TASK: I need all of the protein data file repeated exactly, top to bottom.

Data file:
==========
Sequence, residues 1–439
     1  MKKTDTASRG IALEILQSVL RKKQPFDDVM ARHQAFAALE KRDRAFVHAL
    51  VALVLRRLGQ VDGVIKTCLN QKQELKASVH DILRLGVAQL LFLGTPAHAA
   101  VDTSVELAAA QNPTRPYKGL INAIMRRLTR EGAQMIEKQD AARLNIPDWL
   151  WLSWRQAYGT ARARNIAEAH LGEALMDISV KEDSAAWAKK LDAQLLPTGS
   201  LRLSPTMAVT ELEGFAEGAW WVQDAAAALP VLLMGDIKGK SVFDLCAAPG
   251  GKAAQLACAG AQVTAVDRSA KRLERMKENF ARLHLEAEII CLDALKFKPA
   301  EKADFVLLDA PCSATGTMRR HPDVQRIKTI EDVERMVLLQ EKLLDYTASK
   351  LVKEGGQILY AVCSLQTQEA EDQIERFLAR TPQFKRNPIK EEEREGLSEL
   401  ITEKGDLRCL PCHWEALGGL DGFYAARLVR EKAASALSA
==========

Sequence, residues 1–439
     1  MKKTDTASRG IALEILQSVL RKKQPFDDVM ARHQAFAALE KRDRAFVHAL
    51  VALVLRRLGQ VDGVIKTCLN QKQELKASVH DILRLGVAQL LFLGTPAHAA
   101  VDTSVELAAA QNPTRPYKGL INAIMRRLTR EGAQMIEKQD AARLNIPDWL
   151  WLSWRQAYGT ARARNIAEAH LGEALMDISV KEDSAAWAKK LDAQLLPTGS
   201  LRLSPTMAVT ELEGFAEGAW WVQDAAAALP VLLMGDIKGK SVFDLCAAPG
   251  GKAAQLACAG AQVTAVDRSA KRLERMKENF ARLHLEAEII CLDALKFKPA
   301  EKADFVLLDA PCSATGTMRR HPDVQRIKTI EDVERMVLLQ EKLLDYTASK
   351  LVKEGGQILY AVCSLQTQEA EDQIERFLAR TPQFKRNPIK EEEREGLSEL
   401  ITEKGDLRCL PCHWEALGGL DGFYAARLVR EKAASALSA